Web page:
The court will hear arguments next month in that case and another important gay rights case that challenges the 1996 federal Defense of Marriage Act.

Another one of the signers is Nicolle Wallace, Republican strategist and former George W. Bush aide and John McCain campaign adviser. Wallace said the beginning of the group took place in 2010 when Republicans supportive of same-sex marriage came together to fundraise for the legal effort.

She said the “power of the legal argument had a lot more to do with persuading the majority of Republicans on the brief than any political pressure.”

Wallace stressed that she believes this issue, unlike others, will not “ignite a civil war in the party” because so many people have gay friends, co-workers, and family members; even those who don’t agree with their stance have a lot of “respect” for the disagreement.

In the latest ABC News/Washington Post poll on the topic from November a slim majority of Americans support gay marriage, 51-47 percent, but amongst Republicans it is only 31-67 percent.

Brian Donahue, a Republican strategist who did not sign the brief, believes that because the list includes so many prominent Republicans it represents a “significant step” for the party.

“It’s a sign that there is a growing interest in the party to take steps to broaden its reach in defining what’s acceptable to be part of this party,” Donahue said. “It’s healthy for members of the party to express their beliefs and opinions even when they may not be favorable by party leadership. It’s healthy for the party to examine how it affects the lives of all Americans and it’s a healthy discussion that’s taking place within the party to say, ‘What do we stand for?’”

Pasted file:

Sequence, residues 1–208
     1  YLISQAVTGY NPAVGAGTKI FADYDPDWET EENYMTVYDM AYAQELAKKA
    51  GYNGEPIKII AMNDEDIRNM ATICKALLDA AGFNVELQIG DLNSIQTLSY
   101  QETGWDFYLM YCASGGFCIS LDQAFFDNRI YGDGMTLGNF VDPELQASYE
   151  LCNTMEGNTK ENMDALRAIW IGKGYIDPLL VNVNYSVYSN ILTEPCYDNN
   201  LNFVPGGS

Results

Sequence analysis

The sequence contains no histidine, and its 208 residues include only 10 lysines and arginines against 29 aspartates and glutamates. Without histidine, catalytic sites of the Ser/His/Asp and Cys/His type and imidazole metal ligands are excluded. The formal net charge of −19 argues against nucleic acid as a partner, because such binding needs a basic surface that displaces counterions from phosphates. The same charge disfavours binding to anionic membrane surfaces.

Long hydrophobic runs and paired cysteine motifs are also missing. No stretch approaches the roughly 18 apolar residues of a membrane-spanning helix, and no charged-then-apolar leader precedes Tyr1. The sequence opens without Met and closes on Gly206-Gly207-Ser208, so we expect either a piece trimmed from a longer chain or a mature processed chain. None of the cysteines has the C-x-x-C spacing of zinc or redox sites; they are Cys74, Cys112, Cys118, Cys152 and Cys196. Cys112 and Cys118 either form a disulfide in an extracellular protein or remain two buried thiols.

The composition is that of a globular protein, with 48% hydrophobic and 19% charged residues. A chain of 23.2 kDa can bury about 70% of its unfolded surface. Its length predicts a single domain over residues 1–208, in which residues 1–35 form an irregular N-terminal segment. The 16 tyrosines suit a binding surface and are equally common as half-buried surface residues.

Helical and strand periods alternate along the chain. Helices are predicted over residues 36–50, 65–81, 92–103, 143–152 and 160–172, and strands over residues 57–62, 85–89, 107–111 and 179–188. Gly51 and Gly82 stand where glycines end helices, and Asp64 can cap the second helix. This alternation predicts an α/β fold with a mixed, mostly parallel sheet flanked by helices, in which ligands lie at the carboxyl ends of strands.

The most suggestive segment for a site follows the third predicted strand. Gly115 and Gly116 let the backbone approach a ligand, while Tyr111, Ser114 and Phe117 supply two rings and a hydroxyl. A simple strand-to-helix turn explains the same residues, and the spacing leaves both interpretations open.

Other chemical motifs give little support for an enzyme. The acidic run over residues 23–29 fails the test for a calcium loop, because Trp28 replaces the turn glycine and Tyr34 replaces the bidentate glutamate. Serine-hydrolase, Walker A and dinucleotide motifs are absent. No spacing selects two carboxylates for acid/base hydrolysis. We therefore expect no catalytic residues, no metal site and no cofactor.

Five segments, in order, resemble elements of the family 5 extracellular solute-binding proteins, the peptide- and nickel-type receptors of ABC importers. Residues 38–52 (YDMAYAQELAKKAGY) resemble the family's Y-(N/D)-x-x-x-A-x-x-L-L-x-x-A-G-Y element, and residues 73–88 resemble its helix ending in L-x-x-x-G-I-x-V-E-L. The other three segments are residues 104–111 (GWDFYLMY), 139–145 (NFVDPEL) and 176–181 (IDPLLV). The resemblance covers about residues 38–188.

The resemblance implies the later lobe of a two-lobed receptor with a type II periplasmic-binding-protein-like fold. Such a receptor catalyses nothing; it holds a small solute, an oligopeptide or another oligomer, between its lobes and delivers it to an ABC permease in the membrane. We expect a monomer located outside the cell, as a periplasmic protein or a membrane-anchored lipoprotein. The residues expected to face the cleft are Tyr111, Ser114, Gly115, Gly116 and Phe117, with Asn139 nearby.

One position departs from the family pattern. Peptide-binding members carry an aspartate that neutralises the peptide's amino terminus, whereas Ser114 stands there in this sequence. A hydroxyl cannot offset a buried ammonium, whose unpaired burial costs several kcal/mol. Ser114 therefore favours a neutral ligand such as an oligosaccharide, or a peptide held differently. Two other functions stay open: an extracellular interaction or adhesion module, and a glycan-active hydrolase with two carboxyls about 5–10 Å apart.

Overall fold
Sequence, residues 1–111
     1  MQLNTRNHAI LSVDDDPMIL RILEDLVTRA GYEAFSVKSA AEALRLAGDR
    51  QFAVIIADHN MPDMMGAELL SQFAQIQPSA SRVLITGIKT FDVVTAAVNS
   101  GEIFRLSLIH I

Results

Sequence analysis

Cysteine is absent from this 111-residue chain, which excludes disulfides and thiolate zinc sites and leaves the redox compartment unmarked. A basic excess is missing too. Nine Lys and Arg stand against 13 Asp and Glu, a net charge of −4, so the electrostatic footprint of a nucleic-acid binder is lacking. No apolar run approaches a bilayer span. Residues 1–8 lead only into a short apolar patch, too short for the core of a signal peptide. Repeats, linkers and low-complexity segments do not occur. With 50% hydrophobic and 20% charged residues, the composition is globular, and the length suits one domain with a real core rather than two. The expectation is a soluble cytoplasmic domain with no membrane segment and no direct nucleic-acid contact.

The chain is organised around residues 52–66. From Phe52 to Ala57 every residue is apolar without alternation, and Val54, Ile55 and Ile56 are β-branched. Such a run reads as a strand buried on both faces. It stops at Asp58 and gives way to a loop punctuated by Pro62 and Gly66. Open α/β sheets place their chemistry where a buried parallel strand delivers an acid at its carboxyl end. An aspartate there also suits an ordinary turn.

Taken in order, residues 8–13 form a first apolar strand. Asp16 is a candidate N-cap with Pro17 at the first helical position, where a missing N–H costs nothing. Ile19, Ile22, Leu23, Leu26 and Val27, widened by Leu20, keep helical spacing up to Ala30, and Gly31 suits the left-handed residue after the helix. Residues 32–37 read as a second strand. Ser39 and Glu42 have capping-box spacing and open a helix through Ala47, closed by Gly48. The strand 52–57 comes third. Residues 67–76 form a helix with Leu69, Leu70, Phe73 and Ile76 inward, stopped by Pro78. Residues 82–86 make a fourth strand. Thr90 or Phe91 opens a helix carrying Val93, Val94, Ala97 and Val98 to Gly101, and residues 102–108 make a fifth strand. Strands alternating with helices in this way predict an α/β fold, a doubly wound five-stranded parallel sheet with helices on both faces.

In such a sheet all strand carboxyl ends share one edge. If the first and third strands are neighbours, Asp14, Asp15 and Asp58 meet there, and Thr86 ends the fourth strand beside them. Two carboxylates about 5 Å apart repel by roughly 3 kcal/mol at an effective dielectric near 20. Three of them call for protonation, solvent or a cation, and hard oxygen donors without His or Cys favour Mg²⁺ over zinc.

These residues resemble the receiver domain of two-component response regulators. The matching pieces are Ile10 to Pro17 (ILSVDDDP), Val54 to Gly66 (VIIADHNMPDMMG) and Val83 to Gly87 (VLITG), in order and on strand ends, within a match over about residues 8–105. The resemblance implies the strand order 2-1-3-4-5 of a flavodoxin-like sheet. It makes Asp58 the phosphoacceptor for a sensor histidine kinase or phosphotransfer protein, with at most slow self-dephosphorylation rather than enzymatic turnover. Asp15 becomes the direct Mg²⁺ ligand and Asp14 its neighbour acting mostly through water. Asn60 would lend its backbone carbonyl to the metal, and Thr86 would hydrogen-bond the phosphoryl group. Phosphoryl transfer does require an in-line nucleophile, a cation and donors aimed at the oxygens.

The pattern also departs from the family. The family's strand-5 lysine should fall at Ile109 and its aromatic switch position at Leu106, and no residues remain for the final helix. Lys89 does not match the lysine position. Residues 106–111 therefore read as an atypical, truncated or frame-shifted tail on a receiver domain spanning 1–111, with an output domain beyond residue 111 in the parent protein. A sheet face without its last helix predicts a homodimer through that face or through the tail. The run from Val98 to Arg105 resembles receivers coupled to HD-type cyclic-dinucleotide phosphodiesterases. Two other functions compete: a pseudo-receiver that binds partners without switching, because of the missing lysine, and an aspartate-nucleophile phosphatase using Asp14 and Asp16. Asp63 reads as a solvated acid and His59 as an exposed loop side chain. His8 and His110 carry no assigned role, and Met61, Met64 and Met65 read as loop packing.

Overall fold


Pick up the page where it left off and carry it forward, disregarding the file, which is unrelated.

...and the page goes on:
Some Republicans fear the amicus brief could badly split the Republican Party. Hogan Gidley, a GOP strategist who has worked on the presidential campaigns of both Mike Huckabee and Rick Santorum, says the Republican tent should be “very broad,” but this move by the group of Republicans will widen the schism in the party.

“I don’t want Republicans to be lazy and say, well Latinos are flocking to Democrats in droves so we should do amnesty,” Gidley said. “The homosexual community is flocking to Democrats in droves so we should legalize gay marriage. The marijuana advocates are flocking to Democrats in droves, we should legalize drugs. To me that is a little bit reactionary, but also a little bit lazy.”

Gidley said that he would “hate for anybody to sell their convictions in the hopes they get more votes.”

Constitutional law experts say that while amicus briefs do not traditionally decide cases, they can be very influential.

Stanford constitutional law professor Jane Schacter says in this case she believes it could be an “influential brief” because it “telegraphs to the court that there is an increasing number of people who support same sex-marriage and that it is no longer a partisan issue to the extent that it was.”

“When this number of Republicans are saying it’s an issue where there should be equality it changes the way it looks to the justices,” Schacter said.

Copyright 2013 ABC News Radio